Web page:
The net result of the Fed's rate suppression in the 1940s was that real rates fell well below zero and stayed that way for a number of years as inflation took root. In my view, the Fed today will accept higher inflation, as will the Treasury. How else is the country going to get out from under its rising debt burden? It's usually a good idea not to fight policymakers. If they want inflation, it might be a good idea to have some inflation hedges in our portfolios.

With the economy booming during the 1940s, the stock market enjoyed a broad-based rally, as shown by the breadth data below. Ultimately, midway through its 3-year 80% rally, the stock market did correct 11% in real terms, but that was a relatively mild and short correction in an otherwise robust 3-year-long bull market. There was a bigger decline later in the 1940s, however, as inflation really went through the roof.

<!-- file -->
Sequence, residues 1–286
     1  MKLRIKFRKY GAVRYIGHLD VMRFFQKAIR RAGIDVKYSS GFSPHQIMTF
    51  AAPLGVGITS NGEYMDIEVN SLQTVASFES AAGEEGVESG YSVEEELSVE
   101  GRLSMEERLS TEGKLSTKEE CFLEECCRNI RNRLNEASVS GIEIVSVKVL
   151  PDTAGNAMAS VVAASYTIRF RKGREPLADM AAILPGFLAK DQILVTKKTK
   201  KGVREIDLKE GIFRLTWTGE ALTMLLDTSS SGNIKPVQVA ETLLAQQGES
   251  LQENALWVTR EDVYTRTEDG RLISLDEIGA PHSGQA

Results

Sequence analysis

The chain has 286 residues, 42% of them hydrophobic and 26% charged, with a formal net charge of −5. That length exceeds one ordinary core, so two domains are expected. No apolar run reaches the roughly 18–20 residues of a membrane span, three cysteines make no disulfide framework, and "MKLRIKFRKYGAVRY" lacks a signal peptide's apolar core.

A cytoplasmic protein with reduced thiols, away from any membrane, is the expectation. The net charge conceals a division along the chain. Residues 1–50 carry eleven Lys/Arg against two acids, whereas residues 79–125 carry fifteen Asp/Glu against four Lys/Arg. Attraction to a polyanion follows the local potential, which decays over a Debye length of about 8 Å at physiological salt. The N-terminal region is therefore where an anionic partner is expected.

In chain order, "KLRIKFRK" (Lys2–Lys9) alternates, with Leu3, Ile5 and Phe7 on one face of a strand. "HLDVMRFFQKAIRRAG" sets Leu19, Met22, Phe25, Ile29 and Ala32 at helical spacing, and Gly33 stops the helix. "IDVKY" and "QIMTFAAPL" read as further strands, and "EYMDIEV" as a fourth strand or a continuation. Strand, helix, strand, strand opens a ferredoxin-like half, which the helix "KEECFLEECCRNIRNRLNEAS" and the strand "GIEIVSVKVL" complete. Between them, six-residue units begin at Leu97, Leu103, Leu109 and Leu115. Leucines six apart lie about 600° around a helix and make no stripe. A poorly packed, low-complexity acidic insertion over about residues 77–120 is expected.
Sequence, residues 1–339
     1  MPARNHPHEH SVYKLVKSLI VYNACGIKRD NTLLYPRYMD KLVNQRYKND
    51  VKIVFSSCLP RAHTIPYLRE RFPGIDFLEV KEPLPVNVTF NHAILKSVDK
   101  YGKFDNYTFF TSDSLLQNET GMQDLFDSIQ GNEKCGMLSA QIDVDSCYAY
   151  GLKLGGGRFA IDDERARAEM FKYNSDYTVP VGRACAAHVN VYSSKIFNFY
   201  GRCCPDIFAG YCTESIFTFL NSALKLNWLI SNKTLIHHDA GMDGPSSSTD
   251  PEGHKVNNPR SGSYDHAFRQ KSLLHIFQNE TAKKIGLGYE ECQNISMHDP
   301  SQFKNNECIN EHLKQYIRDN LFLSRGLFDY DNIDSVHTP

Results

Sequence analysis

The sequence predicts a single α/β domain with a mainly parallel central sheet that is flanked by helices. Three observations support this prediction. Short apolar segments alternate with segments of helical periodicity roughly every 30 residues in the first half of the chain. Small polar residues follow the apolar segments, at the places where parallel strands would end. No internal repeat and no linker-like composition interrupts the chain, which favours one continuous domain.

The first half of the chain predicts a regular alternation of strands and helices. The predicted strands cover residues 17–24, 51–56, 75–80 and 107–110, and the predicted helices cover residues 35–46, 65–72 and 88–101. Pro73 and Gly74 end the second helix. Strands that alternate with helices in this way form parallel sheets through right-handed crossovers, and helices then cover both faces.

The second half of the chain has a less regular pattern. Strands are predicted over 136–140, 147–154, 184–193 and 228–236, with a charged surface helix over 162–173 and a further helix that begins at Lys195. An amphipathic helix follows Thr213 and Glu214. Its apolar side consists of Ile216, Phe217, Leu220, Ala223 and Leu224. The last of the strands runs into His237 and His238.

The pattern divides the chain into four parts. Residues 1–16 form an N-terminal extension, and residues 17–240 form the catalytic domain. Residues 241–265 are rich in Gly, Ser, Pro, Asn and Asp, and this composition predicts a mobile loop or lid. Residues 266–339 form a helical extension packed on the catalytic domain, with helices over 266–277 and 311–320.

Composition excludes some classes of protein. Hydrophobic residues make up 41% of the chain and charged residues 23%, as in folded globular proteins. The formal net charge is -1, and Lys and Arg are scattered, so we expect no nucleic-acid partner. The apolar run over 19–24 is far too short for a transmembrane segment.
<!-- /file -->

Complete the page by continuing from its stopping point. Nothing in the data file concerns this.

Back to 2021: Inflation may be around the corner

As for the stock market and the economy one year later, while the unemployment/output gap is still open, it is closing fast and is doing so against the backdrop of an already booming industrial sector. We can see this in the Purchasing Managers' Index (PMI). The latest reading in February showed the ISM PMI for the US rose to 60.8. A reading over 50 indicates an expansion.

In my view, inflation is next. The question is whether it will just be cyclical or whether it will also become structural. (Structural trends can span years or decades while cyclical trends come and go with the rise and fall of the economy.) I don't know the answer, but all my long-term charts suggest that it has the potential to become structural.